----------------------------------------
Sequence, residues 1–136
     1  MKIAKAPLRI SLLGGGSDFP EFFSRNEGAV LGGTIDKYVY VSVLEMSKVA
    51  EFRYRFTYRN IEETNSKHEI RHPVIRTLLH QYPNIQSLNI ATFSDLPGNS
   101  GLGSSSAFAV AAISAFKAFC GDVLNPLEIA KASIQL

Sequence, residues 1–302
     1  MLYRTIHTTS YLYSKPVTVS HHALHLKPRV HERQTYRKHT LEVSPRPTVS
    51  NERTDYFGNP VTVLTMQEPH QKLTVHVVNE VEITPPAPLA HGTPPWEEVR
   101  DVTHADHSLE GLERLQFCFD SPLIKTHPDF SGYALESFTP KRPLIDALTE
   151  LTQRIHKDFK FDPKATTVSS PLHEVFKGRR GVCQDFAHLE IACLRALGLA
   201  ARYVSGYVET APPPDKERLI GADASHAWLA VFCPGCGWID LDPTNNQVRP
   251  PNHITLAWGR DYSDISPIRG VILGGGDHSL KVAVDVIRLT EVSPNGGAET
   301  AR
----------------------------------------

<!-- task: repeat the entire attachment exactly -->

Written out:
Sequence, residues 1–136
     1  MKIAKAPLRI SLLGGGSDFP EFFSRNEGAV LGGTIDKYVY VSVLEMSKVA
    51  EFRYRFTYRN IEETNSKHEI RHPVIRTLLH QYPNIQSLNI ATFSDLPGNS
   101  GLGSSSAFAV AAISAFKAFC GDVLNPLEIA KASIQL

Sequence, residues 1–302
     1  MLYRTIHTTS YLYSKPVTVS HHALHLKPRV HERQTYRKHT LEVSPRPTVS
    51  NERTDYFGNP VTVLTMQEPH QKLTVHVVNE VEITPPAPLA HGTPPWEEVR
   101  DVTHADHSLE GLERLQFCFD SPLIKTHPDF SGYALESFTP KRPLIDALTE
   151  LTQRIHKDFK FDPKATTVSS PLHEVFKGRR GVCQDFAHLE IACLRALGLA
   201  ARYVSGYVET APPPDKERLI GADASHAWLA VFCPGCGWID LDPTNNQVRP
   251  PNHITLAWGR DYSDISPIRG VILGGGDHSL KVAVDVIRLT EVSPNGGAET
   301  AR